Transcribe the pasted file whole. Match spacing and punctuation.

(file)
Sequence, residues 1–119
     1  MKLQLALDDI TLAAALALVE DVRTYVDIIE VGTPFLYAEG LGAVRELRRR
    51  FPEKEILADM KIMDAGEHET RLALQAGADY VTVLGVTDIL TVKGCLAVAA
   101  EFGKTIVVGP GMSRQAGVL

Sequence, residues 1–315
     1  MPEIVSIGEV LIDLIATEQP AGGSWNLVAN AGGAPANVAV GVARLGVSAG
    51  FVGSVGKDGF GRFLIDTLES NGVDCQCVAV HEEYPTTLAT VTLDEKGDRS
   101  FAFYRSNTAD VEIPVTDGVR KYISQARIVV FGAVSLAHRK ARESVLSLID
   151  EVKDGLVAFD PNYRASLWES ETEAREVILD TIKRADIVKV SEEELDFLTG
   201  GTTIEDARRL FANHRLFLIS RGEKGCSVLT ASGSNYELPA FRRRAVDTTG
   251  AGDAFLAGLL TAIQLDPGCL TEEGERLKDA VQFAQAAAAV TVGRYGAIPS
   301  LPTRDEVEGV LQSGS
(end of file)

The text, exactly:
Sequence, residues 1–119
     1  MKLQLALDDI TLAAALALVE DVRTYVDIIE VGTPFLYAEG LGAVRELRRR
    51  FPEKEILADM KIMDAGEHET RLALQAGADY VTVLGVTDIL TVKGCLAVAA
   101  EFGKTIVVGP GMSRQAGVL

Sequence, residues 1–315
     1  MPEIVSIGEV LIDLIATEQP AGGSWNLVAN AGGAPANVAV GVARLGVSAG
    51  FVGSVGKDGF GRFLIDTLES NGVDCQCVAV HEEYPTTLAT VTLDEKGDRS
   101  FAFYRSNTAD VEIPVTDGVR KYISQARIVV FGAVSLAHRK ARESVLSLID
   151  EVKDGLVAFD PNYRASLWES ETEAREVILD TIKRADIVKV SEEELDFLTG
   201  GTTIEDARRL FANHRLFLIS RGEKGCSVLT ASGSNYELPA FRRRAVDTTG
   251  AGDAFLAGLL TAIQLDPGCL TEEGERLKDA VQFAQAAAAV TVGRYGAIPS
   301  LPTRDEVEGV LQSGS